Macario Ramirez Keeps Day of the Dead Alive in the Heights

Dia de los Muertos procession at Casa Ramirez FOLKART GalleryEXPAND
Dia de los Muertos procession at Casa Ramirez FOLKART Gallery
Photo by Sergio Santos

Macario Ramirez, co-owner with wife Chrissie of the Heights-area Casa Ramirez FOLKART Gallery, recalls the negative reactions Día de los Muertos altars and merchandise would get when they first opened the store. “We'd get hostile visitors here. They'd say, 'What in the hell are you doing? What are those skulls about?' I'd say, 'Aren't they beautiful? Look they're smiling,” Ramirez tells us laughing. “I'd tell them, 'They represent our ancestors; that's what they are.' Of course, then they didn't know what to say. We'd get threatening phone calls, too. They'd say, 'You faithless bastard!' We don't get those anymore … now we have caller ID.”

Casa Ramirez has been promoting Hispanic culture, in particular, Mexican art forms and traditions, for decades. The yearly celebration of Día de los Muertos have been particularly popular. Free classes about the history and traditions of Día de los Muertos are filled with people of every background and age. The annual exhibit of altars by members of the community in honor of dead loved ones is popular attracting visitors all month long.

And the street party the gallery hosts keeps growing. The party, which happens to fall on Halloween this year, includes a procession led by fully costumed Aztec dancers and musicians, throngs of celebrants, traditional Mexican food and more.

Still, the racism and anti-immigrant sentiments that first prompted Ramirez to start the gallery raise their ugly heads from time to time.

“Just the other day, somebody stole our Mexican flag. They didn't touch the American flag but they took the Mexican one.” Ramirez and his wife are trying to put a good spin on the theft. “We're pretending that some Mexican came over and said, 'Oh, I need that over at my house.' We're hoping it wasn't someone who said, 'This doesn't belong here.' But it's gone.”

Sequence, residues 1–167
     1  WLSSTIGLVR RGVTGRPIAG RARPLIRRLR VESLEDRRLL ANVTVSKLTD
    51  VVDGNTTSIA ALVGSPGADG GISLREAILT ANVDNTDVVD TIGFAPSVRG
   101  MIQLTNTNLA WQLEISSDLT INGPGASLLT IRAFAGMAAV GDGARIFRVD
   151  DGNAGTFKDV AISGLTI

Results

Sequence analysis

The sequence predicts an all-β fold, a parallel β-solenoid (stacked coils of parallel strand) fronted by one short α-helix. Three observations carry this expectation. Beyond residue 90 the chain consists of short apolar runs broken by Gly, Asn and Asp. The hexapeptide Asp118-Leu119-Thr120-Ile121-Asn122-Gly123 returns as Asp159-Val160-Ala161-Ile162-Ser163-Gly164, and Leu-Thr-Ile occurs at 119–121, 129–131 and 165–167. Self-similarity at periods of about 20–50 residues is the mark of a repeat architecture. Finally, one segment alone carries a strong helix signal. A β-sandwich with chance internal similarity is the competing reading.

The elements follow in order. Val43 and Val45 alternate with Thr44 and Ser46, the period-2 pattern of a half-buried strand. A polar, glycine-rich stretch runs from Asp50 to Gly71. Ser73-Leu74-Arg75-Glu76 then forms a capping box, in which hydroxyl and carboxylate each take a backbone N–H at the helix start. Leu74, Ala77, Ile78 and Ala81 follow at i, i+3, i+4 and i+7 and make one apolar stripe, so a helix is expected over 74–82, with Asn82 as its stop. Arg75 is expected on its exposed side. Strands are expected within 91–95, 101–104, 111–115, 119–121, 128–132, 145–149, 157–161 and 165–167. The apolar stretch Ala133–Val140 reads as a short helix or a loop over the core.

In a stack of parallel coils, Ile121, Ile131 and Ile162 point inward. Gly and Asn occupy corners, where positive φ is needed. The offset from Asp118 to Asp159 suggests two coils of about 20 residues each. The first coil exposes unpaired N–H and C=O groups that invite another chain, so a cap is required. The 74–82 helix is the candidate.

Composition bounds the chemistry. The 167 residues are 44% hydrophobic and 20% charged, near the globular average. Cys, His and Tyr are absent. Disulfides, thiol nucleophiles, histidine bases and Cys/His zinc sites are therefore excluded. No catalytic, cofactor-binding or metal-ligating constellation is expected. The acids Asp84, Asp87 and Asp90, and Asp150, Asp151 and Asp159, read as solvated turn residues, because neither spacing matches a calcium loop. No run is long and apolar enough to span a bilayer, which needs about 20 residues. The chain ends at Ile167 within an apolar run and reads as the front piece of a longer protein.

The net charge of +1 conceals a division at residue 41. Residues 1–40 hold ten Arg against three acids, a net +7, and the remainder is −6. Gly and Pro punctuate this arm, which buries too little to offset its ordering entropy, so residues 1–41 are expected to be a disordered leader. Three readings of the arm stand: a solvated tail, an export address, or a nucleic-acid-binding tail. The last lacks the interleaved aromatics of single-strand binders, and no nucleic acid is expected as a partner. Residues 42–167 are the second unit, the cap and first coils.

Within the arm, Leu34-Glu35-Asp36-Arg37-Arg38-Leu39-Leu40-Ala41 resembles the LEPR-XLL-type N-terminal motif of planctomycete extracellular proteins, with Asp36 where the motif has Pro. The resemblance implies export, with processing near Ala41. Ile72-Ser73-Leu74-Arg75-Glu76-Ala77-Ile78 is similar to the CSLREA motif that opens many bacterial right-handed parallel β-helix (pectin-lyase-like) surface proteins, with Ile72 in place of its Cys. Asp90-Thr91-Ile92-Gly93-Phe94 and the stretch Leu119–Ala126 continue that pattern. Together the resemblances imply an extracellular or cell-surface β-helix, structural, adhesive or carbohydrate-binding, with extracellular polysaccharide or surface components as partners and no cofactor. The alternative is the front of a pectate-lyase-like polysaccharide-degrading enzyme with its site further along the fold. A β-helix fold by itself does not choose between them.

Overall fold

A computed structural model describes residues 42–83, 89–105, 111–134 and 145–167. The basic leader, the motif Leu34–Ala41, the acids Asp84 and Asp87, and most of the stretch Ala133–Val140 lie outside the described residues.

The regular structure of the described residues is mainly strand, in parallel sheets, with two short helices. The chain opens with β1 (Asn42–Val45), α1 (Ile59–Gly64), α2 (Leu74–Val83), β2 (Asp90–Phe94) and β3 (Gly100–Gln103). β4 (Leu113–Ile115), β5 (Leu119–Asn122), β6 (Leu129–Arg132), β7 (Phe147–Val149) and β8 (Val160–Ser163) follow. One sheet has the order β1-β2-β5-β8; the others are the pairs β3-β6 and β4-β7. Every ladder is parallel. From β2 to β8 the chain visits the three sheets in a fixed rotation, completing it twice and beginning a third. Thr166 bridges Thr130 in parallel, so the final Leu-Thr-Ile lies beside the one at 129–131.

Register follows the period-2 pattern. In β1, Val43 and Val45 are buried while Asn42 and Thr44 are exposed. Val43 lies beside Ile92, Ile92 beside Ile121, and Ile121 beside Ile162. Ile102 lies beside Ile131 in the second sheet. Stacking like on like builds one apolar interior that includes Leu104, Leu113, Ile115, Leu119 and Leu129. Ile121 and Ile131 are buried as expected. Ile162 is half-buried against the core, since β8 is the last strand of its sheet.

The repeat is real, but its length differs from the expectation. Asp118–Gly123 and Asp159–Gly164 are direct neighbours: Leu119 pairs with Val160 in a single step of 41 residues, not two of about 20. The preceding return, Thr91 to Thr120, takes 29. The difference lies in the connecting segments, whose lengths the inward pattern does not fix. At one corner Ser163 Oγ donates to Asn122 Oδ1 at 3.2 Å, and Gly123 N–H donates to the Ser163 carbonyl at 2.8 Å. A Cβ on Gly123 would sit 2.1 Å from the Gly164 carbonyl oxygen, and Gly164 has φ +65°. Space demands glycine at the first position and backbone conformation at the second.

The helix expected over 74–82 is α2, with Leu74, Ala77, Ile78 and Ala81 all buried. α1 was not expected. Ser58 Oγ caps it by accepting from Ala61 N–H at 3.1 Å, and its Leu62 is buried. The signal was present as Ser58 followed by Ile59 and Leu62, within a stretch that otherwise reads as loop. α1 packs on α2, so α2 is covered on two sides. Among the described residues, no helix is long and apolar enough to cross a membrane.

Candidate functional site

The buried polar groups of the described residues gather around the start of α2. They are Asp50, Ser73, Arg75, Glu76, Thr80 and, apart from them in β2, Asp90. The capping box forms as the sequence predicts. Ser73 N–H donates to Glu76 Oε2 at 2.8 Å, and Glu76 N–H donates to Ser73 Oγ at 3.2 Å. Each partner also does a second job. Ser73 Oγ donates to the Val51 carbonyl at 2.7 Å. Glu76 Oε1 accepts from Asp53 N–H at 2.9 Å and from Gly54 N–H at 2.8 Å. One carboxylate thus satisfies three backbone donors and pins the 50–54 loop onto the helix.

Ramirez pauses before he says, “They didn't know that I had one in reserve.”

(Note to the thief: A new Mexican flag was immediately hung at the gallery.)

Ramirez has been celebrating Day of the Dead since he was a child. He admits he was initially frightened by the skull, skeletons and other symbols of death associated with the holiday. Ramirez first saw Day of the Dead altars when his father took him to see his grandmother in Saltillo, Mexico.

“They scared the hell out of me!” Ramirez says. “My father told me, 'No, no, you need to understand this.' That's when I started learning about it, the traditions and what they meant. I kept learning about it and I studied.”

After opening the gallery, Ramirez looked for ways to involve the community in cultural celebrations.

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“We started with Día de los Muertos because it's very personal and we knew we could get people involved. We've done well. It's gotten bigger and better and more and more inclusive.

Ramirez credits his parents, Mexican immigrants, for instilling cultural awareness and pride in him.

He tells us his father, a usually gentle and soft-spoken man, always called Halloween “pinche Halloween.” (Politely translated as lousy Halloween.) “He hated the fact that Halloween took attention away from Día de los Muertos, the day we celebrated our ancestors.”

(These days it's easy to imagine that somewhere someone's calling Casa Ramirez's annual Día de los Muertos celebration “lousy Day of the Dead.” It's become more popular than most Halloween celebrations in the area.)

“My parents would always make a point to tell us kids about our history. If I told my father, 'Look, there's a cowboy,' he'd stop me and say, 'No, no, no, that's not a real cowboy.' Then he'd tell me all about Mexican vaqueros who pre-dated the American cowboys.”

“They'd always make sure we knew the truth and then they would tell us, 'But now we're here in America and we have to adapt.' I've spent the last 50 years un-adapting.”

The exhibit of personal altars continues through November 7. The procession and party is 5 to 8 p.m. October 31. Casa Ramirez FOLKART Gallery, 241 West 19th. For information, call 731-880-2420. Free. 


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